I’m not going to be the first person to pick up that stone and throw it. I’ve been around the sport of basketball for many moons. I was a very competitive person in my days, but I never thought of what kind of example I was setting to the young kids. Over the years I’ve learned that many kids don’t listen to the lectures we give them. But what does happen is that they see with their eyes the example that the adults display during a game. I’ve heard most of them, “Go back to ref school you idiot!” Who’s really the idiot here? “Are you kidding, my grandma can ref better then you!” Really … my grandma could not see very well or walk without assistance. “Come on stripes what game are you watching!” Well, obviously the same game you are. In my opinion, competitive people that want to win so bad need to draw the line. Maybe what we need to do is start letting the referees do their job. It’s tough enough officiating a close game without the fans' distraction. I keep thinking what it would have been like when I was a software engineer. With someone at my throat constantly ... my job would not get done.
“You forgot to read the rule book you zebra!” Well, zebras don’t read books. “How much did they pay you ref – I’ll double it!” I’ll be the first to admit I wouldn’t want to pay a referee double what they make, even if it’s the opponent paying him. “Hey ref, did you come from the blind school!” The comments seem to start getting lower every time, I mean really, to include a blind school? In reality the complaints against calls made will not help at all. The only thing it could do is flare up the officials and help your team earn more bad calls. In addition, your child may be doing the same thing as you in the future.
Being a good sport isn’t just about controlling our tempers with officials, but it’s also about thinking of other players on the team and not just your own son or daughter. Cheer for every player on the team – basketball is a team sport not an individual sport. Every kid on that team has put in hours of practice all week long – they’ve helped the team get better. Try your best not to gossip to other parents about why your son or daughter isn’t playing. If you have an issue with that, ask your son or daughter if you can set up a meeting with the coach. The coach will inform you of what skills your child needs to work on to contribute more in a game. Then, follow through and encourage your child to practice every day – hard work pays off.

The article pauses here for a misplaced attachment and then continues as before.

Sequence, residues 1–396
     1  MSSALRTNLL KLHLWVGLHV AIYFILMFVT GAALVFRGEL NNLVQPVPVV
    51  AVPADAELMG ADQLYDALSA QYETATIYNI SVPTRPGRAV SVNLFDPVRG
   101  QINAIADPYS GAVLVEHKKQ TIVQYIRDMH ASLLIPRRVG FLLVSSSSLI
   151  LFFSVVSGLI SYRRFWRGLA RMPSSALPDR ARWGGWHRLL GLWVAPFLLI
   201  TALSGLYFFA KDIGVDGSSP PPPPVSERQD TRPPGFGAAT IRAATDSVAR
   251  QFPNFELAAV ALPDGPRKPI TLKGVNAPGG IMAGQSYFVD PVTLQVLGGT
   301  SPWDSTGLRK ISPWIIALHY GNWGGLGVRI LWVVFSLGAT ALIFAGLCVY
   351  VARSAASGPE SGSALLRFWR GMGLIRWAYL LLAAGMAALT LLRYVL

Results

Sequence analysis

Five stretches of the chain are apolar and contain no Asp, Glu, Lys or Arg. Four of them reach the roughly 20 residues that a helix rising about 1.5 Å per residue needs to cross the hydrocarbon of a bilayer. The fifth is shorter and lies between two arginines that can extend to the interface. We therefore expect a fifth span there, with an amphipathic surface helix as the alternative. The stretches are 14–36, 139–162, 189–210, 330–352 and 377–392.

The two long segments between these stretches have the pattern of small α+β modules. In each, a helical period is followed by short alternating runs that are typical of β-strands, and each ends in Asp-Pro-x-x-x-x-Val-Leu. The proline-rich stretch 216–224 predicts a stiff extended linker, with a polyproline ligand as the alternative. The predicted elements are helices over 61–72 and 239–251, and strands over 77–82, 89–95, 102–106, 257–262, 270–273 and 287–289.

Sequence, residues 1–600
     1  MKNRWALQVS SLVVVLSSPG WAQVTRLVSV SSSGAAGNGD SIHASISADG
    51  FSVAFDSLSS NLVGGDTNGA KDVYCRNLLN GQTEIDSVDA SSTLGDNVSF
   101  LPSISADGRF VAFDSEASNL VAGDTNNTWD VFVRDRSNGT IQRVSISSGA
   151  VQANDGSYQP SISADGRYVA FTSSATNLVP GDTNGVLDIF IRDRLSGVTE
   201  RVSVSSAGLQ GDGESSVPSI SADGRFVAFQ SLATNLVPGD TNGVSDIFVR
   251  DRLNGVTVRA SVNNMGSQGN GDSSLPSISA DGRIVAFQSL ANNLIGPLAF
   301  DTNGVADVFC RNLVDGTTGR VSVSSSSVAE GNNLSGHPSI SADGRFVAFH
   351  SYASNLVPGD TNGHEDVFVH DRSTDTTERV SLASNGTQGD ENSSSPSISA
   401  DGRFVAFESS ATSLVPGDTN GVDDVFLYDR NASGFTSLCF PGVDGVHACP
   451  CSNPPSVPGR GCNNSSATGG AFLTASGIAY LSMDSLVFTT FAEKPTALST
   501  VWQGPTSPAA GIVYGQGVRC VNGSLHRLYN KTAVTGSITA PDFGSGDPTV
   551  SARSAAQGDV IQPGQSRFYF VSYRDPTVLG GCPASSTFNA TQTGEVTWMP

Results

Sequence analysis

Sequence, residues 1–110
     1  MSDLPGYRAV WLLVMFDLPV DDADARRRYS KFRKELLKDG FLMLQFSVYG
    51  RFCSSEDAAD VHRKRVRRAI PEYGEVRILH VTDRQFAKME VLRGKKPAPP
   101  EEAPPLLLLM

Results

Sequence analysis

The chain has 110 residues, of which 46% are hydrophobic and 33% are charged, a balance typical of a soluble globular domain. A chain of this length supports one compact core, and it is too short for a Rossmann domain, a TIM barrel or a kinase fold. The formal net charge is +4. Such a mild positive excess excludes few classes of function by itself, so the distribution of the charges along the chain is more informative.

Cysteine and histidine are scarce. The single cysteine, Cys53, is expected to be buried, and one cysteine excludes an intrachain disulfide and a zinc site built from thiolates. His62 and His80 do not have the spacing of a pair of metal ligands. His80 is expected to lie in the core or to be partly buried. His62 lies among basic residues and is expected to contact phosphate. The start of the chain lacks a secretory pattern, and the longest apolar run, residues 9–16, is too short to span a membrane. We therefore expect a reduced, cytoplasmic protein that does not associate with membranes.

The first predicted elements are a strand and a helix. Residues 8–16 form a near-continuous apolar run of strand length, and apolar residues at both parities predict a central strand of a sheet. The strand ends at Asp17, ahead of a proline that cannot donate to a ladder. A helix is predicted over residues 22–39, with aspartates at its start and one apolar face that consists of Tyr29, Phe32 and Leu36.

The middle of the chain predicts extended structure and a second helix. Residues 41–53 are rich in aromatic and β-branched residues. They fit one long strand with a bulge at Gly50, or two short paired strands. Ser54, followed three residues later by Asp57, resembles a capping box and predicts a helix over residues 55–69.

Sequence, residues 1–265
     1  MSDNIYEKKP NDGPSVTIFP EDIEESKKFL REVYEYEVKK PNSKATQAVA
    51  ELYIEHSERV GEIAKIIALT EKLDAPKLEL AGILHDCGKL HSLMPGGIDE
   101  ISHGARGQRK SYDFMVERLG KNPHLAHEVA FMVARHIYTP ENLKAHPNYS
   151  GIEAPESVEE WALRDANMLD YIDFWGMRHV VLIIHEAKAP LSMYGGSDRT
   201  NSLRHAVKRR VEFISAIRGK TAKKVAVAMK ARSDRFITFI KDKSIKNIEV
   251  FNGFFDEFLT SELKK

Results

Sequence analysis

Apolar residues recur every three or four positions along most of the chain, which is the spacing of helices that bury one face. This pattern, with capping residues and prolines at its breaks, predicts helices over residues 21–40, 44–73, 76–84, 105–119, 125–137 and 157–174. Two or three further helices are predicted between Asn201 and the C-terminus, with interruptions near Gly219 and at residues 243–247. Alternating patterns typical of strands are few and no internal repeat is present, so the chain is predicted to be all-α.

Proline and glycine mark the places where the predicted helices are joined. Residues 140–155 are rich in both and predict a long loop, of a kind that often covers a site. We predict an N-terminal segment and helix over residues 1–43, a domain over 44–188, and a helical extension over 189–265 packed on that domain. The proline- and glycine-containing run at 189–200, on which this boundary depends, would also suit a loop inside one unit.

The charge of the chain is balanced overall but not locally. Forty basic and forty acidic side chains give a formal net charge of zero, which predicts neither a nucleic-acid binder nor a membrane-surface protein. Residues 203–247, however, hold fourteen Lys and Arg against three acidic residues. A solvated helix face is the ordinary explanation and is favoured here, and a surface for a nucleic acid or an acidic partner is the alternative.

We’re not perfect, we’re only human. But it’s important that we try our best to set a good example for our younger generation – Lord knows this world really needs it. Basketball season is supposed to be fun and exciting. And although we all want to win, the reality is that one team will end up losing after the game is over.
Go out and support your local college or school. Buy refreshments to help the booster clubs – you can’t watch a game without food … or at least I can’t.
I feel that one of the most important things a parent can do is “listen” to their son or daughter. Ask them if they are having fun and if they aren’t having fun, ask them how you can help.